There are about three films worth of MacGuffins here, and I can only assume that none of them could be padded out to full length by themselves, so all three were added in, despite not really fitting. Max's poisoning, and five day life span might have been a film, a tortured journey in an attempt to discover a cure. Frey's daughter might have been a film. And the reset codes for Elysium, the quest to use them and the fight to obtain them might have been it's own film. All together, they override each other after their introduction. Max's declining health completely disappears from the film after the exoskeleton grafting, which while increasing his strength, I assume he would still be increasingly tired and in pain from his organ liquefying, no? Instead, he seems like his old fit self, proving again that radiation isn't that big of a concern. The last two plots work in a kind of tandem, alternating between which gets the primary focus until the very end. But when one is in the line of sight, the other is forgotten about, until the switch comes. Which makes the last two thirds of the film very disjointed and uneven.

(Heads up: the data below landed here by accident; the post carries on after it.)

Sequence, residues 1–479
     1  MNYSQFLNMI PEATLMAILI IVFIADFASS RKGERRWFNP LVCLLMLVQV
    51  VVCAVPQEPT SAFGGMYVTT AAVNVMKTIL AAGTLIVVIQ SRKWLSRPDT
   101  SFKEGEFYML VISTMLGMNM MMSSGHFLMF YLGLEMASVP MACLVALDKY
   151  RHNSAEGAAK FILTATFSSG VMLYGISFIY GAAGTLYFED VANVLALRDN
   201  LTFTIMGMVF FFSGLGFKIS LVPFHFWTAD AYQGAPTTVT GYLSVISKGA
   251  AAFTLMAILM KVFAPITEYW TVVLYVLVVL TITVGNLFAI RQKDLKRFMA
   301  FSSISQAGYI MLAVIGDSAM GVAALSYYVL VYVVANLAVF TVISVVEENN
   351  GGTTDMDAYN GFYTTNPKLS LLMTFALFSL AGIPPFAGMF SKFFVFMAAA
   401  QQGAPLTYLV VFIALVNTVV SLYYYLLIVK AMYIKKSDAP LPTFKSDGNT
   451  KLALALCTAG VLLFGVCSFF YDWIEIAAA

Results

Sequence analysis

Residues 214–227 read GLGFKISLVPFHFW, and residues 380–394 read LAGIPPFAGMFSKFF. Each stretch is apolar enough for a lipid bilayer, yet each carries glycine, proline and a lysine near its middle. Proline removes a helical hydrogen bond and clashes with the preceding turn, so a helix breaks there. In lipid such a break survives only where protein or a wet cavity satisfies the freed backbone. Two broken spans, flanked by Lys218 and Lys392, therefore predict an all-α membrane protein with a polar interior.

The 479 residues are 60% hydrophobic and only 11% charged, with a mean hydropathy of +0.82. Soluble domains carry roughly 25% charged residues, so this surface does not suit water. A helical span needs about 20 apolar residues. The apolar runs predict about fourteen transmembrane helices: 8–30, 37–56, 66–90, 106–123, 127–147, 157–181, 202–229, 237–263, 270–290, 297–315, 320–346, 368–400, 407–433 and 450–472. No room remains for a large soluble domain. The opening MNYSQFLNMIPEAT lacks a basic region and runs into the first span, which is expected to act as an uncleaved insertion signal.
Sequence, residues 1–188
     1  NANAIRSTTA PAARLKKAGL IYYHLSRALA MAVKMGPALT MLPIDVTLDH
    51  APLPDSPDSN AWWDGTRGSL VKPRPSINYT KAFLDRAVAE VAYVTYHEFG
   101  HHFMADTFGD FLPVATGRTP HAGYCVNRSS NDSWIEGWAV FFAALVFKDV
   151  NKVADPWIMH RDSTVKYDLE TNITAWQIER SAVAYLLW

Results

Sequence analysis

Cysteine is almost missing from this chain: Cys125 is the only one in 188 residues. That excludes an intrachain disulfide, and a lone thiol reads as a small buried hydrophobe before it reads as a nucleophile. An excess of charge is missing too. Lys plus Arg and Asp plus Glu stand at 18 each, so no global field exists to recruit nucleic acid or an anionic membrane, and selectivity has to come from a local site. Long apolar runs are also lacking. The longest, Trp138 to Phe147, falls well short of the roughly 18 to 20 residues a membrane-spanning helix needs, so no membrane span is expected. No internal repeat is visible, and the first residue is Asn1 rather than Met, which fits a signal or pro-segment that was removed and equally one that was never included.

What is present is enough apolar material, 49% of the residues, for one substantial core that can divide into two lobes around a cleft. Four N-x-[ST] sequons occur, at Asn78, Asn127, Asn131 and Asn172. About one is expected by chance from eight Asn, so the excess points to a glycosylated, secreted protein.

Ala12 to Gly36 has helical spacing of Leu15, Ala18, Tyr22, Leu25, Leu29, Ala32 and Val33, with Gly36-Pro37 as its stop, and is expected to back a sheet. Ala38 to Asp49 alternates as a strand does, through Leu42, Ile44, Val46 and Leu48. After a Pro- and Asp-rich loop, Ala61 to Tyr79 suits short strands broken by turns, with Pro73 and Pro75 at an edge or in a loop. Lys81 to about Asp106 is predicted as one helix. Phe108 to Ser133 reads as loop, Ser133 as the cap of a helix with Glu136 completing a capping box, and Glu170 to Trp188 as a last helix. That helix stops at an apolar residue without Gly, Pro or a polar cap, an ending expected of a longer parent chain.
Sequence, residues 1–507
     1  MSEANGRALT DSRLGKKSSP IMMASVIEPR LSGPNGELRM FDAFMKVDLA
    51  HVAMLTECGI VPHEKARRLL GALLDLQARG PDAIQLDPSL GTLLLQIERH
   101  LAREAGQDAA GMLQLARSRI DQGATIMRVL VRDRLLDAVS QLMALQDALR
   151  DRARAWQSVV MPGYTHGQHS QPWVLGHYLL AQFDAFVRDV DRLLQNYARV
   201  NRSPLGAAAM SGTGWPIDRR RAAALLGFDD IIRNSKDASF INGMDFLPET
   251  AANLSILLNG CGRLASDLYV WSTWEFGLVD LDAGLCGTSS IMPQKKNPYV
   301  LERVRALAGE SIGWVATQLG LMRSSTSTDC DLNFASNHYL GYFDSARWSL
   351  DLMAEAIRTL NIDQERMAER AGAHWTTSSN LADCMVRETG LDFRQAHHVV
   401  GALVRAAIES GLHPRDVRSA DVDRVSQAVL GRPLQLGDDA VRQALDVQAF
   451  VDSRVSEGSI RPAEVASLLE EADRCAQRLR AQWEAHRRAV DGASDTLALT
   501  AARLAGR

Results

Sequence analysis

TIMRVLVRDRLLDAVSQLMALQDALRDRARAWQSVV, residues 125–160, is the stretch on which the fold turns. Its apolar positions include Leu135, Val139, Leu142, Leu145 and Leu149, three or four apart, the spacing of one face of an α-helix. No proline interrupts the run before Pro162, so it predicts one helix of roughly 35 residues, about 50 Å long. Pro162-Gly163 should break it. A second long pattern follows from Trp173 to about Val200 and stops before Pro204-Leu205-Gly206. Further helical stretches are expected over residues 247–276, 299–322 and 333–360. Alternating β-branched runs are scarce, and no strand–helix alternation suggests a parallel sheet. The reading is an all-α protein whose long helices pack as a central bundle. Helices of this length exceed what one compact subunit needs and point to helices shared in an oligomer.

It also looses the commentary. There is an occasional remembrance of the point of the film (including a great line about a lawn being ruined), but after Damon becomes part hydraulics, there isn't time to focus on the political message of the film, or the social metaphor at work. Because now it's time for cars to explode and for people to have sword fights, and for Blomkamp to unhook the camera from the dolly and start whipping it around so that, not only can't you make out what's happening, but when the hard cut comes and everything comes to a dead stop, your lurching with seasickness. Spectacle takes over, and after that it's all just a write-off. Which is doubly disappointing because Elysium was meant to be one of the great hopes of the summer, a big budget original picture. Sadly though, like Now You See Me and Pacific Rim, simply being original doesn't mean that you don't have to try. And between the two science fiction films showcasing the craptasticness of the future, I'd say this summer's clear winner is Oblivion.